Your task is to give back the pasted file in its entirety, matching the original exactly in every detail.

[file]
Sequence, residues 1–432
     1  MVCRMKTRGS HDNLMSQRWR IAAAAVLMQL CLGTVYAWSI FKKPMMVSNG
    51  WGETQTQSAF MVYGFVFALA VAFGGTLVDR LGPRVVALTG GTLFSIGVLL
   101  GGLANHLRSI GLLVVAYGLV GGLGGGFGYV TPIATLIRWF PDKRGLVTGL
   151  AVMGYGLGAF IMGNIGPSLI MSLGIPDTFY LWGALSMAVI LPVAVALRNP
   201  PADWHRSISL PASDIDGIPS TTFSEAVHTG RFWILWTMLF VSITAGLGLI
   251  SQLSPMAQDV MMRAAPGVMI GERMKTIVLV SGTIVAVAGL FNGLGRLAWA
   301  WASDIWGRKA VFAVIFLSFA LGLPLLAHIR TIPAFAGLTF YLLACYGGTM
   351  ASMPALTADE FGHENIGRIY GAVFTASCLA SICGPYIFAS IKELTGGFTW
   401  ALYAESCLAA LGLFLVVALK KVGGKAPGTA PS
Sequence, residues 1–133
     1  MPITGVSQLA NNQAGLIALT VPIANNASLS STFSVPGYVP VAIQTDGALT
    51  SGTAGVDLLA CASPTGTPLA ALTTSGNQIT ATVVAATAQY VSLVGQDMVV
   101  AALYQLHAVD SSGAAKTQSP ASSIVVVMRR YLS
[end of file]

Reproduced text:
Sequence, residues 1–432
     1  MVCRMKTRGS HDNLMSQRWR IAAAAVLMQL CLGTVYAWSI FKKPMMVSNG
    51  WGETQTQSAF MVYGFVFALA VAFGGTLVDR LGPRVVALTG GTLFSIGVLL
   101  GGLANHLRSI GLLVVAYGLV GGLGGGFGYV TPIATLIRWF PDKRGLVTGL
   151  AVMGYGLGAF IMGNIGPSLI MSLGIPDTFY LWGALSMAVI LPVAVALRNP
   201  PADWHRSISL PASDIDGIPS TTFSEAVHTG RFWILWTMLF VSITAGLGLI
   251  SQLSPMAQDV MMRAAPGVMI GERMKTIVLV SGTIVAVAGL FNGLGRLAWA
   301  WASDIWGRKA VFAVIFLSFA LGLPLLAHIR TIPAFAGLTF YLLACYGGTM
   351  ASMPALTADE FGHENIGRIY GAVFTASCLA SICGPYIFAS IKELTGGFTW
   401  ALYAESCLAA LGLFLVVALK KVGGKAPGTA PS
Sequence, residues 1–133
     1  MPITGVSQLA NNQAGLIALT VPIANNASLS STFSVPGYVP VAIQTDGALT
    51  SGTAGVDLLA CASPTGTPLA ALTTSGNQIT ATVVAATAQY VSLVGQDMVV
   101  AALYQLHAVD SSGAAKTQSP ASSIVVVMRR YLS